finnie
John Finnie MSP talked about campaigning to clean up the Scottish Parliament’s pension scheme from inside the student occupation for divestment at Edinburgh University. Image: Ric Lander.

Wee green shoots of reform are poking out of the soil this month for Scotland’s public pensions as the debate on responsible investment of Scotland’s public pensions moved forward on a number of key issues.

Local government pensions will have more confidence to divest from irresponsible companies once the ‘fiduciary duties’ of fund managers in Scots Law is made clear.  This is now the task of the Scottish Local Government Pension Scheme Advisory Board, who, led by trade unions, are investigating what legal barriers exist for local government pensions to divest and reinvest over the summer.

At the same time the Scottish Parliament’s Local Government Committee is investigating how local government pension funds could invest more in Scottish infrastructure.  Some funds are leading the way on this such as Falkirk, which invested in £30 million in social housing and the Strathclyde Pension Fund, which invested £10 million in smaller scale renewables and we published a blog of some of the best examples of reinvestment.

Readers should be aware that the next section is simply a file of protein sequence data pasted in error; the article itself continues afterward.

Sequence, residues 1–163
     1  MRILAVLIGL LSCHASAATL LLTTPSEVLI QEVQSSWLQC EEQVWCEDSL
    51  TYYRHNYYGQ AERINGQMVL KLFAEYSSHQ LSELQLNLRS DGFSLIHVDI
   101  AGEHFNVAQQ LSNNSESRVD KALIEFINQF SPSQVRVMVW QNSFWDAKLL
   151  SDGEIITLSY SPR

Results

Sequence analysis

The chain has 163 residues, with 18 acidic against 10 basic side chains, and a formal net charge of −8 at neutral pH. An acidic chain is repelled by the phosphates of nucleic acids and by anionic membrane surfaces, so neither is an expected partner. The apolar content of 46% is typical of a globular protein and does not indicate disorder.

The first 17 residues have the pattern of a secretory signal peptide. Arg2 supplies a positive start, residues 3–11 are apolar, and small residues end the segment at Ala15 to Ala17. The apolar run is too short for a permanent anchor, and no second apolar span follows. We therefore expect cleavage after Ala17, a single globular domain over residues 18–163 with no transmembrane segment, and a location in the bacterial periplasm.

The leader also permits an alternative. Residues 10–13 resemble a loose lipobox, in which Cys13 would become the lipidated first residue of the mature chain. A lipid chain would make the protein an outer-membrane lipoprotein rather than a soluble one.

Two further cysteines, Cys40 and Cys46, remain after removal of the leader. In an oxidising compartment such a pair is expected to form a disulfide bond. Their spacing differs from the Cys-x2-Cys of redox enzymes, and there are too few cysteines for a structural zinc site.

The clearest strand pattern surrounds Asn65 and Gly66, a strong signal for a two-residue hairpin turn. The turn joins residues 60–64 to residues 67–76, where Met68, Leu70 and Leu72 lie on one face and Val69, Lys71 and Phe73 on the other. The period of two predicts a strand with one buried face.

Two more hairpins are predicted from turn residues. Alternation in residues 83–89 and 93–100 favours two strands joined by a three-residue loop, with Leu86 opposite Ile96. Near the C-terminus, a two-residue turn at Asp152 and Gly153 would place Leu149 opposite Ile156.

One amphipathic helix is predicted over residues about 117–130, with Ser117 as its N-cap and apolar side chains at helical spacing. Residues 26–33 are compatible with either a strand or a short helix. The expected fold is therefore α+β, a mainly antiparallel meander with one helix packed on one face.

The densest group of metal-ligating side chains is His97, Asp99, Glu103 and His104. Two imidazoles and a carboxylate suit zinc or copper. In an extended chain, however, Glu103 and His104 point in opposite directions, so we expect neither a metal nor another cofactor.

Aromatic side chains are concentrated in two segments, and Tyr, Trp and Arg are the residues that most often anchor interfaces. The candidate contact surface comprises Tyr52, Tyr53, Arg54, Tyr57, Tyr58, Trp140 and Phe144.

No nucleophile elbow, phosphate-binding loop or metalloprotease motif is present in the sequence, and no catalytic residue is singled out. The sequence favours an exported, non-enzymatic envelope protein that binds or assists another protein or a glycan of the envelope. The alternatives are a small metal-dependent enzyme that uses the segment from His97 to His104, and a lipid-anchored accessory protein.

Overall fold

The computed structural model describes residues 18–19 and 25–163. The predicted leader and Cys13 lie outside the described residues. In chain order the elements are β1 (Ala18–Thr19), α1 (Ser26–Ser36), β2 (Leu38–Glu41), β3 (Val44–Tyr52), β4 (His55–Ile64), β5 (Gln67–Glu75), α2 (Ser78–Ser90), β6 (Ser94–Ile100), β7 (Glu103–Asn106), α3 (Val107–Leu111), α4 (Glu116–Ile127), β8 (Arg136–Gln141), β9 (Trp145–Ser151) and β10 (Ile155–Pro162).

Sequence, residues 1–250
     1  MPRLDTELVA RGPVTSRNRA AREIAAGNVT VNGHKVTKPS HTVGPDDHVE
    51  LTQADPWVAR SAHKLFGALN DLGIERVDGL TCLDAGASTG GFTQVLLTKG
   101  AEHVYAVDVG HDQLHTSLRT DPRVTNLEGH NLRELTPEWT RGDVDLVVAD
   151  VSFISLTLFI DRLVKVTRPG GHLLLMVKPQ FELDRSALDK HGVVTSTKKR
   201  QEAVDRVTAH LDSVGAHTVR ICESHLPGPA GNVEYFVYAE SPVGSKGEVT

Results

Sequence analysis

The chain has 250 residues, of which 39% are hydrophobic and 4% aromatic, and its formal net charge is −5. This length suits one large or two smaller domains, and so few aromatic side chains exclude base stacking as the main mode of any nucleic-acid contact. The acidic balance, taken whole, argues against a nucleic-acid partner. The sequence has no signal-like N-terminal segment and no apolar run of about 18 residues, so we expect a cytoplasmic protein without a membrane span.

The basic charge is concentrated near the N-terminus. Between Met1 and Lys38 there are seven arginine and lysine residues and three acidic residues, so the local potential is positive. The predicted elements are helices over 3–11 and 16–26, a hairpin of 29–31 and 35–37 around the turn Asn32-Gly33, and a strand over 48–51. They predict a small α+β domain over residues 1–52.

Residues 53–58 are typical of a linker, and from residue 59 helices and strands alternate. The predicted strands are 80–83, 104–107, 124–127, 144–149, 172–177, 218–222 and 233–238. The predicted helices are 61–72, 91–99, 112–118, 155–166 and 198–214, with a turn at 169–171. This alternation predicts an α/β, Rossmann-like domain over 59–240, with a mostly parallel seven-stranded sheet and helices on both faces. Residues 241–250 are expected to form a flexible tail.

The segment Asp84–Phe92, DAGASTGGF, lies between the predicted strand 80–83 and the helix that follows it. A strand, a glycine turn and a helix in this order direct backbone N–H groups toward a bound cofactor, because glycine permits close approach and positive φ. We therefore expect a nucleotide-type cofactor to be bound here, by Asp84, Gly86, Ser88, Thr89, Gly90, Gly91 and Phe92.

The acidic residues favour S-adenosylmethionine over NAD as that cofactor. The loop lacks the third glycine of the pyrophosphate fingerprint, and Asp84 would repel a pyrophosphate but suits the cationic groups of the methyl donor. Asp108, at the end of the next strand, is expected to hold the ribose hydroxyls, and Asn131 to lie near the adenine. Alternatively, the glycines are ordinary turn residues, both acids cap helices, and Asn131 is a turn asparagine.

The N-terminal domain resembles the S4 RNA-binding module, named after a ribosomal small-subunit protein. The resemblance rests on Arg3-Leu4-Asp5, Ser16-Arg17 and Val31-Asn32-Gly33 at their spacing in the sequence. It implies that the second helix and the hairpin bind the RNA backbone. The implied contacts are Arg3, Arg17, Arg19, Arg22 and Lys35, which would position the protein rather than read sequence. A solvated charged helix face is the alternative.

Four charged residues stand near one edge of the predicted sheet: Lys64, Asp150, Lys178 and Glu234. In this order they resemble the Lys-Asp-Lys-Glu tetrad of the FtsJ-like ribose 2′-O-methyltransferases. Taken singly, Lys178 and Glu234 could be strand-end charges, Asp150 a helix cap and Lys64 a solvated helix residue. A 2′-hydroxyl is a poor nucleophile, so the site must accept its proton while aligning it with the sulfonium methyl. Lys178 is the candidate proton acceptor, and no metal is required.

Hundreds of people have now signed Friends of the Earth Scotland’s petition for fossil free pensions and we are taking the call forward to fund managers and trustees.

Responding to a report and presentation we gave to Scotland’s second largest local government scheme, the Lothian Pension Fund, Councillors approved a motion which will ensure the publication of new information about its investments in renewable energy.  We are building support for the Lothian Pension Fund to cut its fossil fuel investments by adopting a strong approach on sustainability.  This needs to come from the pension fund members themselves, and we were encouraged to hear Councillors seriously consider proposals for how they could consult the fund’s 65,000 members on green investment.

Local action must be backed by national action.  Earlier this Spring John Finnie MSP proposed to the Scottish Parliament pensions to adopt an ethical investment policy.  The proposal was rejected, but responding to this set-back, a campaign group has now sprouted to put pressure on all MSPs to divest their pension scheme from arms and fossil fuels.

Both the Scottish Parliament and local government funds have an opportunity to lead the way on responsible, sustainable investments for our retirement.